Package testing for the DuPont Tyvek Medical Packaging Transition Project (MPTP) is progressing on schedule, and all results published to date support the functional equivalence of the transitional material to the current Tyvek. While testing continues, DuPont expects that the U.S. FDA will affirm functional equivalence by the third quarter 2015.
By Maureen Kingsley
PAC Machinery launched a high-speed medical device bagging system at Pharma Expo. Suitable for use in cleanrooms, the Rollbag Magnum HS Med can produce bags with chevron or straight seals from rollstock consisting of a polymer web and either Tyvek or paper as well as foil and metallized polyester.
More than 70,000 packages from 40 medical device manufacturers have been tested under the DuPont Medical Packaging Transition Project (MPTP), and results continue to indicate functional equivalence, reported members of the DuPont team during a Webcast on October 2.
When it comes to medical devices, packaging is sometimes an afterthought. While there are outstanding packages that win high-profile awards, some companies fail to recognize the importance of this factor until late in the game. In worst-case scenarios, this can impact the quality and safety of the device. More often, however, the result is financial, because companies neglect to take steps to reduce packaging costs.
Medical packaging converter Technipaq celebrated its 30th anniversary this summer. PMP News spoke to the company’s founder, Philip Rosenburg, and its Vice President of Sales and Marketing, Brian Rosenburg, about how the industry has changed since the company was founded.
Maintaining hand hygiene is one of the most important steps healthcare practitioners can take toward reducing healthcare associated infections (HAIs). Hand washing and other universal precautions are widely encouraged, but did you know that packaging and labeling could play roles in infection prevention, too?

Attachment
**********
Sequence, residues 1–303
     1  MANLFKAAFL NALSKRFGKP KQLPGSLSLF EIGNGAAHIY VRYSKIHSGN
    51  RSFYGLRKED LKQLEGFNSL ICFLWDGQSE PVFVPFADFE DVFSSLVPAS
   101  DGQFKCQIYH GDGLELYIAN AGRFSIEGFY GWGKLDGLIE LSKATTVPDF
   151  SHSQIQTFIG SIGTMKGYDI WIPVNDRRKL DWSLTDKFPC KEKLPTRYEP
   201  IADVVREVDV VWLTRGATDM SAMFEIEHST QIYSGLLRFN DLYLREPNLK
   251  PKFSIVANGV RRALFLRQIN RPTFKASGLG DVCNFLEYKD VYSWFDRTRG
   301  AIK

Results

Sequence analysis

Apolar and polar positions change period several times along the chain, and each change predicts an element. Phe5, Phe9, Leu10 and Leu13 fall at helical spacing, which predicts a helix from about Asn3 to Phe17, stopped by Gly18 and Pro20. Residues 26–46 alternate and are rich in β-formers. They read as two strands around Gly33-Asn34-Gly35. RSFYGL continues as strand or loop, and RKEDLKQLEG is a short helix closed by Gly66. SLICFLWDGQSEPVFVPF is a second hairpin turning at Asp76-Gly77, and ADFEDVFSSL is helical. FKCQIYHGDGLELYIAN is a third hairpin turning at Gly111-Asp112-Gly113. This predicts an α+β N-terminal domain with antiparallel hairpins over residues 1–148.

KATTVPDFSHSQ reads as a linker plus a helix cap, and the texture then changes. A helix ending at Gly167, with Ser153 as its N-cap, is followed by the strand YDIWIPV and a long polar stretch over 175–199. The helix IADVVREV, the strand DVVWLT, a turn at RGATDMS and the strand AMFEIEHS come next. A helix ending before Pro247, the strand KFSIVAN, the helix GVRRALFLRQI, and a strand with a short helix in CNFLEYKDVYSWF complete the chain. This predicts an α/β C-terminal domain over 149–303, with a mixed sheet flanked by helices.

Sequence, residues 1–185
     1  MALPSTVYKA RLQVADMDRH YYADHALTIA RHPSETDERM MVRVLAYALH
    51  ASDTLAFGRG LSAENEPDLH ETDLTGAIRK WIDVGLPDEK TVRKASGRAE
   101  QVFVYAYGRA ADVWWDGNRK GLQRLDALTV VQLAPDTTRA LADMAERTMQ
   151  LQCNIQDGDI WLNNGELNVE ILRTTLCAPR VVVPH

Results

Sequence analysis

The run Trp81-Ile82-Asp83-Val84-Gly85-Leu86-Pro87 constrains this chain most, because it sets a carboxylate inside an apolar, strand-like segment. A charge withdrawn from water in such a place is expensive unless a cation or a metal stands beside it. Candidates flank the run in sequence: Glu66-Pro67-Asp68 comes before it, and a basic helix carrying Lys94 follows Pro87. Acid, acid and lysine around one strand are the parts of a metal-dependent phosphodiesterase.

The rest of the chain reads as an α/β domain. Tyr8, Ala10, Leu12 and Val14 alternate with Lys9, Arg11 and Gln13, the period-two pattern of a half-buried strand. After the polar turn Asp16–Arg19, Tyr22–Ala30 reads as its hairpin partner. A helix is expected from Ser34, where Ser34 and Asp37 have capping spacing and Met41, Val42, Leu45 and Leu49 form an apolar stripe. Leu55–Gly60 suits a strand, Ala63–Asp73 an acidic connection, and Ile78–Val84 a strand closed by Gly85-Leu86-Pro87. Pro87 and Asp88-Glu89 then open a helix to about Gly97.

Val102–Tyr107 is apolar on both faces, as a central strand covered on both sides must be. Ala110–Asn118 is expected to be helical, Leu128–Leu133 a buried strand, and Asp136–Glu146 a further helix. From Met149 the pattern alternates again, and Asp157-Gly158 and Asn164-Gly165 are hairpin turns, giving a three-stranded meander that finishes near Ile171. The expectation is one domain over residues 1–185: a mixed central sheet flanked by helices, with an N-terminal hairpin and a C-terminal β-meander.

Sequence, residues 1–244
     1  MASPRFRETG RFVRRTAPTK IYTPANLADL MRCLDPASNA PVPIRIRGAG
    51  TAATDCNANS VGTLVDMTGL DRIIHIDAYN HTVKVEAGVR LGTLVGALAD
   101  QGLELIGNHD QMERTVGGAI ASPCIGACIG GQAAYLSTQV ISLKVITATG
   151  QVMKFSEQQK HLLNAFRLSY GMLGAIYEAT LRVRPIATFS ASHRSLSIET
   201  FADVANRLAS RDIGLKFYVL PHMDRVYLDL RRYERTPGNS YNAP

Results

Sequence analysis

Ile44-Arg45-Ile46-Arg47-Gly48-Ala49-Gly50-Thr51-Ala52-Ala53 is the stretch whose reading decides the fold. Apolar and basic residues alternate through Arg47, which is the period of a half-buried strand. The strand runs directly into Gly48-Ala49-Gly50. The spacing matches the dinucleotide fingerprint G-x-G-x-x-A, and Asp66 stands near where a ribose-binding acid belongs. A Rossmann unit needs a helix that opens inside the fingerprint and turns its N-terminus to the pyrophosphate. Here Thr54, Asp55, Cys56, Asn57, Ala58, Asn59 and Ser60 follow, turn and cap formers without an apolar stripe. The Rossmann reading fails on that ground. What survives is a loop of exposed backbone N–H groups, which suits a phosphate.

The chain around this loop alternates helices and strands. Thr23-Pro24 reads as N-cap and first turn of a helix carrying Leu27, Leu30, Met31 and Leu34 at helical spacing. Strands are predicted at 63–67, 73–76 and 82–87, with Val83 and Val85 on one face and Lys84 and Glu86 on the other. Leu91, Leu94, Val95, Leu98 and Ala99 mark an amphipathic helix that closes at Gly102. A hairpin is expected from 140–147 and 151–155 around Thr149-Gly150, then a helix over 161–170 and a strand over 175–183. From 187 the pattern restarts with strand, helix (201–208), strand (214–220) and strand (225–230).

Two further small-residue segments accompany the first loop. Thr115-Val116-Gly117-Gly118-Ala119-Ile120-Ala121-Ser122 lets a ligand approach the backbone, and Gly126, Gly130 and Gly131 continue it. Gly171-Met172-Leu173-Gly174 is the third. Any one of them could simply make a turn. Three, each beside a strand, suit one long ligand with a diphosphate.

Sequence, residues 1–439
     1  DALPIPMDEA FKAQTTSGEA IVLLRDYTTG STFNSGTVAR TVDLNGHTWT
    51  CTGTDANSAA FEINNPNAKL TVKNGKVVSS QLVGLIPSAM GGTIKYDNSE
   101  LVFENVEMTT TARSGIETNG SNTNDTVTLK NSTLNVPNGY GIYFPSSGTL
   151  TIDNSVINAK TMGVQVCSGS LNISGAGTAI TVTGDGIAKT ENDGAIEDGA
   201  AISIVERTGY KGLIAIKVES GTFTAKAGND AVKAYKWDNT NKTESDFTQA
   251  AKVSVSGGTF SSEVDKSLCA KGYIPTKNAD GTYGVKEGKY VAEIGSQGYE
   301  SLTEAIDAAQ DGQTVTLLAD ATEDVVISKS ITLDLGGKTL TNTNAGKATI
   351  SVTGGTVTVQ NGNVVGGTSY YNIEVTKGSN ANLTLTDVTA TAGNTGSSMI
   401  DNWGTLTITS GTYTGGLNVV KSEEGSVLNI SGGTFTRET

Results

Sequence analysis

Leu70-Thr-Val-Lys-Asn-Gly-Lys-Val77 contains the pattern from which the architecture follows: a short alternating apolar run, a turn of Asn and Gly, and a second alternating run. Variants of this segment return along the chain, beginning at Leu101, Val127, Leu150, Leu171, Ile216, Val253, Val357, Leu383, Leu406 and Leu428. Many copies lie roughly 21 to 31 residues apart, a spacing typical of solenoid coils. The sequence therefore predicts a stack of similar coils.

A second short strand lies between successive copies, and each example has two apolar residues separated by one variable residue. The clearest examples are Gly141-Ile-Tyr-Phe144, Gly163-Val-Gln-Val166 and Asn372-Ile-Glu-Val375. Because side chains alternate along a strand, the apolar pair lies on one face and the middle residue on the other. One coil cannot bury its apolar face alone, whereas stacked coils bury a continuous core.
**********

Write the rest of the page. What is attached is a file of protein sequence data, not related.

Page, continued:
Applying the predictive reliability method to medical packaging can help companies estimate a failure rate and prevent recalls
The reliability of a medical package production process depends upon maintaining a high performance level over a long time period. Predictive reliability methodology can be used to prevent defects by increasing a given production process’s time to failure and hence increasing its overall reliability. The knowledge sharing between the quality departments of those companies involved in producing medical packages can be very important to ensure the robustness of the production process and its long-term reliability.
Today, at a hospital somewhere in the United States, one patient out of 25 is likely dealing with a healthcare-associated infection. This estimate comes from the Centers for Disease Control and Prevention (CDC), which cites a healthcare-associated infection (HAI) prevalence survey.
The Sterilization Packaging Manufacturers Council (SPMC) of the Flexible Packaging Association recently honored Marie Tkacik for serving as chairperson of its Technical Committee for the last 20 years. Tkacik was elected as its first committee chairperson on July 8, 1994, just after the formation of the SPMC earlier that year. She has been re-elected each year since.
Tkacik is now stepping down as committee chairperson, passing the reins to the recently elected Henk Blom, director of technical service for Rollprint Packaging Products.